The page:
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Ann Intern Med. 2019 Oct 1. doi: 10.7326/M19-1583. [Epub ahead of print]

Patterns of Red and Processed Meat Consumption and Risk for Cardiometabolic and Cancer Outcomes: A Systematic Review and Meta-analysis of Cohort Studies.

Author information

Netherlands Comprehensive Cancer Organisation, Utrecht, the Netherlands, and Dalhousie University, Halifax, Nova Scotia, Canada (R.W.V.).
McMaster University, Hamilton, Ontario, Canada (D.Z., M.Z., K.M., Y.L., Y.C., S.E.H., R.D., G.H.G.).
Chosun University, Gwangju, Republic of Korea (M.A.H.).
Dalhousie University, Halifax, Nova Scotia, Canada, and Universidade Estadual Paulista, São José dos Campos, São Paulo, Brazil (R.E.).
University of British Columbia, Vancouver, British Columbia, Canada (D.S.).
Alexandria University, Alexandria, Egypt, and Tanta Chest Hospital, Ministry of Health, Tanta, Egypt (H.G.).
Iberoamerican Cochrane Centre, Biomedical Research Institute San Pau (IIB Sant Pau), Barcelona, Spain (C.V.).
Jagiellonian University Medical College, Krakow, Poland (M.J.S., M.M.B.).
University of Guelph, Guelph, Ontario, Canada (P.M.B.).
University of Toronto and St. Michael's Hospital, Toronto, Ontario, Canada (J.S.).
Iberoamerican Cochrane Centre, Biomedical Research Institute San Pau (IIB San Pau), and CIBER de Epidemiologia y Salud Publica (CIBERESP), Barcelona, Spain (P.A.).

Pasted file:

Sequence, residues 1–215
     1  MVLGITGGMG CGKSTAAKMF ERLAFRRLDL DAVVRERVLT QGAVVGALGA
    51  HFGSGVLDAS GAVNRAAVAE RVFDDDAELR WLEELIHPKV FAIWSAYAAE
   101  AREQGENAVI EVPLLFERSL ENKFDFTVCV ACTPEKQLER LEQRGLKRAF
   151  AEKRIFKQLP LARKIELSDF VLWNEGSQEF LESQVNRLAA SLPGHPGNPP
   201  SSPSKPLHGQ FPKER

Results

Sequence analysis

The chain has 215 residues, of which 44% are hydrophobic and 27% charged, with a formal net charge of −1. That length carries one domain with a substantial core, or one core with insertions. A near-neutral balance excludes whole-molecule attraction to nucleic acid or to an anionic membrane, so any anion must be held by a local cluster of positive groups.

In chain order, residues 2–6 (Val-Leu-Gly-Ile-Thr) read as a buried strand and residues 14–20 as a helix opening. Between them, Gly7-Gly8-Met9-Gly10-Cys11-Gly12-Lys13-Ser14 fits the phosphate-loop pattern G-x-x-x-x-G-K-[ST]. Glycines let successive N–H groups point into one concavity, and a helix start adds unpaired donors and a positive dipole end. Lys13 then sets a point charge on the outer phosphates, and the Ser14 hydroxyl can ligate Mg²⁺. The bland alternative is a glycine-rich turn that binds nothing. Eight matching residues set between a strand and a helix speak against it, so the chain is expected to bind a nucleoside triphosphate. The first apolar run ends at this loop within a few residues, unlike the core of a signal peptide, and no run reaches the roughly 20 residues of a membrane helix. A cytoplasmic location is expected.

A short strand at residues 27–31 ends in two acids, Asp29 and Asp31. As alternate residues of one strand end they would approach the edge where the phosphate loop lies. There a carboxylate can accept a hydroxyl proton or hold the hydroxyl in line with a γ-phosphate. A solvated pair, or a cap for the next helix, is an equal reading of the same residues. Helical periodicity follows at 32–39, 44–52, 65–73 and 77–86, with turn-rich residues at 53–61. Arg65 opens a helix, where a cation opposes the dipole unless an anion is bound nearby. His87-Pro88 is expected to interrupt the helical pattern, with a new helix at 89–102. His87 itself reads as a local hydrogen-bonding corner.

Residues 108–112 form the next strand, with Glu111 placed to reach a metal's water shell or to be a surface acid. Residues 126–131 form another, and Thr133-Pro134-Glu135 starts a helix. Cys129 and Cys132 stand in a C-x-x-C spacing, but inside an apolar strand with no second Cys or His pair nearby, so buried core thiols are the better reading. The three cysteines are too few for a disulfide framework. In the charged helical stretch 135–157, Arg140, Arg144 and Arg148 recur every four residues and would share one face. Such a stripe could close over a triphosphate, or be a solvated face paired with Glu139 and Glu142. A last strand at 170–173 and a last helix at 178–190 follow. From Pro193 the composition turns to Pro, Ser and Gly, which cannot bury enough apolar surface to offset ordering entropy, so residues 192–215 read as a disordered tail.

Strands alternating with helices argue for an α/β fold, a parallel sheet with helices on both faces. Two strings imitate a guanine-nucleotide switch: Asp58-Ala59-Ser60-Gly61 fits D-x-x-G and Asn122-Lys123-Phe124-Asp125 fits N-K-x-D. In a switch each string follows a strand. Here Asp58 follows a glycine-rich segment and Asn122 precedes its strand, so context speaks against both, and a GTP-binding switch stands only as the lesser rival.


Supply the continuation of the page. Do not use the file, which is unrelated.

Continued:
Dalhousie University, Halifax, Nova Scotia, Texas A&M University, College Station, Texas, and McMaster University, Hamilton, Ontario, Canada (B.C.J.).



Studying dietary patterns may provide insights into the potential effects of red and processed meat on health outcomes.


To evaluate the effect of dietary patterns, including different amounts of red or processed meat, on all-cause mortality, cardiometabolic outcomes, and cancer incidence and mortality.

Data Sources:

Systematic search of MEDLINE, EMBASE, the Cochrane Central Register of Controlled Trials, CINAHL, Web of Science, and ProQuest Dissertations & Theses Global from inception to April 2019 with no restrictions on year or language.

Study Selection:

Teams of 2 reviewers independently screened search results and included prospective cohort studies with 1000 or more participants that reported on the association between dietary patterns and health outcomes.

Data Extraction:

Two reviewers independently extracted data, assessed risk of bias, and evaluated the certainty of evidence using GRADE (Grading of Recommendations Assessment, Development and Evaluation) criteria.

Data Synthesis:

Eligible studies that followed patients for 2 to 34 years revealed low- to very-low-certainty evidence that dietary patterns lower in red and processed meat intake result in very small or possibly small decreases in all-cause mortality, cancer mortality and incidence, cardiovascular mortality, nonfatal coronary heart disease, fatal and nonfatal myocardial infarction, and type 2 diabetes. For all-cause, cancer, and cardiovascular mortality and incidence of some types of cancer, the total sample included more than 400 000 patients; for other outcomes, total samples included 4000 to more than 300 000 patients.


Observational studies are prone to residual confounding, and these studies provide low- or very-low-certainty evidence according to the GRADE criteria.


Low- or very-low-certainty evidence suggests that dietary patterns with less red and processed meat intake may result in very small reductions in adverse cardiometabolic and cancer outcomes.

Primary Funding Source:

None. (PROSPERO: CRD42017074074).


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